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Walter Voss - Jeep/Dodge/AMC Motorsports Leader

by Bob Sheaves, former AMC/JTE engineer

I first met Walter Voss at Jeep-Truck Engineering (JTE), when he was looking for
a flunky to chase custom parts down for the race teams
of Dodge and Jeep in 1988. Being in the PreProgram Engineering department, we had access to certain things that no other group had.

Since our executive engineer refused to allow us to work on any of the
race work during normal hours, I decided that an "arrangement" could be made to assist Walter. On my
own time, I became the de facto engineering support
for the Class 1 SCORE team (Unlimited cars) for Jeep
at night, while I was working on the T300 (what
became the 1994 Dodge Ram) during the day.

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With the time difference between the left and right coasts, this was not nearly as hard as it sounded. Benefits (or drawbacks) included no
pay, long hours, and lots of screaming when things were late or broke.

Walter was a genius
judge of ability and character. He was the type of man
to give you enough rope to hang not only yourself, but
him and the team, if you failed. It did not happen
often. Those that performed were rewarded hamdsomely -
paid trips were common, to all the races with the formal teams (these were working excursions) around the
world, from Paris-Dakar support, to Mexico and the
southwestern US, to LeMans, to wherever Jeep made its
name in racing. The few of us within the
corp that dealt with Walter on a daily basis learned
and all believed in one thing, one of the most
overused catchphrases in management today, that is:

"Failure is NOT an option."

..and we didn't fail. And example of this attitude was the
crossbreeding between Dodge and Jeep, fostered by the
inventive mind that occupied Walter. In the 1989,
1990, and 1991 seasons Jeeps had made the Comanche
pickup into the most feared vehicle on the Mickey
Thompson Stadium Truck series. Unfortunately, it was
out of production and was no longer allowed by the
rules, so a replacement had to be found. The Toyotas
of Ivan Stewart were the only real competition to the
Comanches. The Dodges of
Walker Evans were, to put it charitably, something
less than desirable and non-competitive when compared
to the Jeeps.

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Walter came up with the idea to blend the two. Here is a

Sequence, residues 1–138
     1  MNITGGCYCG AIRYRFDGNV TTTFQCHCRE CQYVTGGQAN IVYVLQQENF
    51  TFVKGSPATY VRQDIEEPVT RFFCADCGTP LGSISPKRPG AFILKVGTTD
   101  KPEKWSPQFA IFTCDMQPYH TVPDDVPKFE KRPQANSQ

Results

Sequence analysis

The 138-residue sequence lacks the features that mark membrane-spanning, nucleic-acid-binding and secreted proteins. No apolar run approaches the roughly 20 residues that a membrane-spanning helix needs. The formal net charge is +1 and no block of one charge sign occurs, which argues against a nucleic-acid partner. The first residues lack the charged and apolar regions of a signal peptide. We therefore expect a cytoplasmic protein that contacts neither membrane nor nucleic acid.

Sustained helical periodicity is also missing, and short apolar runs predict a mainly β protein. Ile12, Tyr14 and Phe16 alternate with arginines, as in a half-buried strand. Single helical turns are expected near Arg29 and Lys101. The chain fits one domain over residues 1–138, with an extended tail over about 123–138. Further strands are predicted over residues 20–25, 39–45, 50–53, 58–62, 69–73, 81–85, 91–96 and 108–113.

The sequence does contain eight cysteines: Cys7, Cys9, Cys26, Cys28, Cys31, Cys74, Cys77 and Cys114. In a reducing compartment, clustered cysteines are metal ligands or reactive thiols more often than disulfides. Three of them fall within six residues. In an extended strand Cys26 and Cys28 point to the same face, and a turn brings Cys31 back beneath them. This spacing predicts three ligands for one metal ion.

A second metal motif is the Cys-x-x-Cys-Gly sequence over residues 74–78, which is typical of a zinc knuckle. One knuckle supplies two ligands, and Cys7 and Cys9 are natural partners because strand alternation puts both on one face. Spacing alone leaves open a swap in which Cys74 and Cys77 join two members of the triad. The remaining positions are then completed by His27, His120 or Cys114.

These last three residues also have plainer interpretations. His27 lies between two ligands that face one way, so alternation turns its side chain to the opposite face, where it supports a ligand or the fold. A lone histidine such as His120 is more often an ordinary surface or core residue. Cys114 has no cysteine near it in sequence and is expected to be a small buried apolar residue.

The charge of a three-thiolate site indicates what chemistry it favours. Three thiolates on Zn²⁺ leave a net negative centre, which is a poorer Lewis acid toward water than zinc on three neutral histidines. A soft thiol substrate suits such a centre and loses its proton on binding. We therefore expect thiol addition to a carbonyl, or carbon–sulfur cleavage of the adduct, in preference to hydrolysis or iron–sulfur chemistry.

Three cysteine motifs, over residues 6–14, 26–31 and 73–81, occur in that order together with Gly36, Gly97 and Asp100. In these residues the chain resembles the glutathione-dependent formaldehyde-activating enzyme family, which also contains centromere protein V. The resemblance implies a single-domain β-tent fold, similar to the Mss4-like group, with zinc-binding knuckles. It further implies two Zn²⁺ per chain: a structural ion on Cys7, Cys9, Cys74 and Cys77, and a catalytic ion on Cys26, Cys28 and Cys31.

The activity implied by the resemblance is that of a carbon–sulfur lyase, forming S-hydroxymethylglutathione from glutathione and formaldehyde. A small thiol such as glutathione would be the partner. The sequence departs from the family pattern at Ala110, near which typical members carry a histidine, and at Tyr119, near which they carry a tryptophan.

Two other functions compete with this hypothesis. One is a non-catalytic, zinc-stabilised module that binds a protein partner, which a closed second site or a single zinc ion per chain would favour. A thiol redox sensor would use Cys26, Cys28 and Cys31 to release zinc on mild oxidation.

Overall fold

financial guy, a "beancounter," who said, "make it
work and I don't care how" (I am cleaning
this up for Allpar-those that knew Walter knew how he
was). Before he went to the teams involved, I
pulled all the CATIA information together on the two
trucks and started the mix-an-match with the
approximate design needed to rebody the Commanches and
make them look like a Dakota, all to even see if we
could fake it. 48 hours later, I gave Walter the
thumbs up-that was all that was needed for him. Walter
then committed a ton of corporate money to have the
Jeep vehicles modified. Amazing to me, all based on a
single finger in the air. No "how do you," no "you
can't do," no "I want this," ... just "get it done."

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That does not mean I did not support him with "back
support" (off-books documentation from my own
time, which he may or may not have shown to the teams) after the decision, because I did. The point is all
this work was between he and I, as far as I know; he wanted it
to be my brain against the rest of the world.
Needless to say, this clinched me tighter to his
wants, far more than mere money could have. Working
with Walter was nothing if not an adventure.

The net result was that Dodge had won the
Manufacturer's Championship with a never before equalled string of wins, and no one was the wiser. That
is, outside the involved team.

memories of Walter Voss have all brought a smile to me
and an easing of the shock to know we will never share
his single malt, his generosity, or even his temper
tamtrums. The world has become a far greyer place today.

Geoff Voss provided these words from Walter Voss:

At Chrysler Corporation and at American Motors before
it was acquired by Chrysler, I was continuously
involved in motorsports from 1982 until I retired. My
responsibilities included selection of the series in
which we would compete, hiring the teams, selecting
drivers, acquiring sponsors, and representing the
company on various governing boards.

We won numerous races, series and manufacturers
championships in the SCCA Trans Am, World Challenge
and Sport Truck Series, the Score Desert Series, the
Mickey Thompson Stadium Series, and several IMSA Series
with Dodge, Jeep and Eagle vehicles.

Served as Director-Administration of Renault Jeep
Sport, a subsidiary of American Motors. RJS developed,
built and sold the Sports Renault race car and from
1984 until 1986 and was the world's largest producer of
race cars.

Prior to being involved in racing I held management
positions in finance and engineering at Chrysler and
American Motors, including a 3 year assignment on the
Finance Staff of Chrysler International S.A. in Geneva,

I was employed outside the automotive industry at
various times during my career for periods totaling
about 9 years. I was President and CEO of Vernors Inc.,
a large Detroit based soft drink firm, from 1969 until
1972. I also served as Vice President-Treasurer of
Darcy, McManus & Masius, a national advertising

Walter Voss died at age 75 on August 4, 2006, in the Detroit area. "Mr. Voss was a 1953 graduate of the University of Michigan, where he was a member of SAE Fraternity. ... Memorials to the American Kidney Fund appreciated."

Chrysler 1904-2018

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